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Centuries of U.S. imperialism made surfing an Olympic sport

With an eye toward U.S. power, Americans spread the sport making its Olympic debut

Carissa Moore of the United States rides a wave during an Olympics training session on July 22 at Japan's Shidashita Beach. (Francisco Seco/AP)
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For the first time, surfing will be an Olympic sport. Beginning on Sunday, 40 surfers from 17 nations will ride the waves at Shidashita Beach as part of the Tokyo Games. While traditional surfing powers such as the United States, Australia and South Africa are well represented among the competitors, countries such as Morocco, Peru and Germany have also sent surfers.

Surfing can be thrilling to watch. But the sport has gained a global presence not only because of the pleasures of wave riding.

Surfing became a global sport because of the exercise of American power on the world stage. From 19th-century missionaries to 20th-century cold warriors, Americans have used surfing to accomplish the nation’s diplomatic goals. The fact that surfing only now joins the ranks of Olympic events belies the sport’s centuries-long international history.

When an expedition led by British Captain James Cook arrived in Hawaii in the late 18th century, its members were astonished by Hawaiian board riders. By then Polynesian people had practiced wave riding in some form for millennia. After watching the aquatic spectacle, a surgeon aboard Cook’s ship, the Resolution, wrote he “could not help concluding that this man felt the most supreme pleasure while he was driven on so fast and so smoothly by the sea.”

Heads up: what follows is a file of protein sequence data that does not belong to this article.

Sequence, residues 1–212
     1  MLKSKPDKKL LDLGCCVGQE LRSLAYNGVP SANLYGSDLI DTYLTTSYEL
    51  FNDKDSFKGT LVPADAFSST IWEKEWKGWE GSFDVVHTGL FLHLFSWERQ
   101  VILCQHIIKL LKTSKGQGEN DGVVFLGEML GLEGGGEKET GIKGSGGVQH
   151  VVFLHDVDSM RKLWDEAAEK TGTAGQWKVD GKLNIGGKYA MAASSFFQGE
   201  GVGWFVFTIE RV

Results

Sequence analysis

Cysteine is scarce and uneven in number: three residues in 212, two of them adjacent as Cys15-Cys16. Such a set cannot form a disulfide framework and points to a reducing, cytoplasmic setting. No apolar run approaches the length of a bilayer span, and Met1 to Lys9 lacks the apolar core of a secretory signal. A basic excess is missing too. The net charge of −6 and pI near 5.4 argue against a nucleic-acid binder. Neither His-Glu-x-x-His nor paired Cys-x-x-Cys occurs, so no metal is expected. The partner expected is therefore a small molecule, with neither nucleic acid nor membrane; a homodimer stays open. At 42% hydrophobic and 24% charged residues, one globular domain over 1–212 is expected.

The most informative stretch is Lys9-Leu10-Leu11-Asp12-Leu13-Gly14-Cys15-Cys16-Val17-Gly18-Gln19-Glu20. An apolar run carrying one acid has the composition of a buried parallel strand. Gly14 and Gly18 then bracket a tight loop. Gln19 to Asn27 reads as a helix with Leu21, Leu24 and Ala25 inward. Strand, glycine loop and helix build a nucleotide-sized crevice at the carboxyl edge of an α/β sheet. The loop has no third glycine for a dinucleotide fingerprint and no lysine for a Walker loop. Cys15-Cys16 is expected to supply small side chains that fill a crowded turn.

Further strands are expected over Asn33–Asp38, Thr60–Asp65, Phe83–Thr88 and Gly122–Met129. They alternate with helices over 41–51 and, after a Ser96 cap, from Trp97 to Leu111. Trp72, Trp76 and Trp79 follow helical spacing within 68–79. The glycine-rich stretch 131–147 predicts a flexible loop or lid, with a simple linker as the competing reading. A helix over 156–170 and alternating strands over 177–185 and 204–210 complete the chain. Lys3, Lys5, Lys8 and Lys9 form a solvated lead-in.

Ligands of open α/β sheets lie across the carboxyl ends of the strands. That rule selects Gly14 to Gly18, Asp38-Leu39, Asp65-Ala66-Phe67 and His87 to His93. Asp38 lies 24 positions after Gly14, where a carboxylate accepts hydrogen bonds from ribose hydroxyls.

Within a few decades, however, American missionaries arriving in Hawaii would view this “supreme pleasure” as an impediment to their drive to Christianize the world.

Missionaries constituted one of the largest groups of Americans to travel abroad in the 19th century. Protestant missionaries established footholds in Africa, Asia and the Pacific islands to spread Christianity along with American power and influence. Often, missionaries served as forerunners to American economic and political penetration.

American missionaries first arrived in the Hawaiian Islands in the 1820s. They sought to impose their morality and values while stamping out practices viewed as sinful and licentious. Missionaries helped pass laws that banned hula dancing and discouraged the wearing of leis. While surfing remained legal, practices associated with the sport, including nudity and gambling were not. As surfing historian Matt Warshaw concluded, “take away the sex and wagering and all of a sudden the whole thing was a lot less attractive.”

The missionary emphasis on Calvinist ethics such as hard work and enterprise left little time for surfing. Missionary Hiram Bingham noted this relationship: “The decline and discontinuance of the use of the surf-board, as civilization advances, may be accounted for by the increase in modesty, industry, and religion.”

By the turn of the 20th century, however, some Americans began to see surfing not as a sinful activity to be restrained but a tool to extend American power in the Pacific. During the second half of the 19th century, Hawaii became a destination for American investment in the island’s burgeoning sugar industry. While ostensibly a monarchy under the control of native leaders, Hawaii came under the indirect control of American business executives, many of whom were the children of missionaries. This cadre of powerful Americans orchestrated a coup with the assistance of the Marines and pushed for annexation to the United States in 1898.

Some White citizens of Hawaii, principally Alexander Hume Ford, turned to surfing to secure Hawaii as an outpost of the American empire. As historian Scott Laderman argues, “when [Ford] found surfing and the incomparable thrill it represented, Ford found a lure for drawing white immigrants to Hawai’i” to strengthen America’s imperial grasp.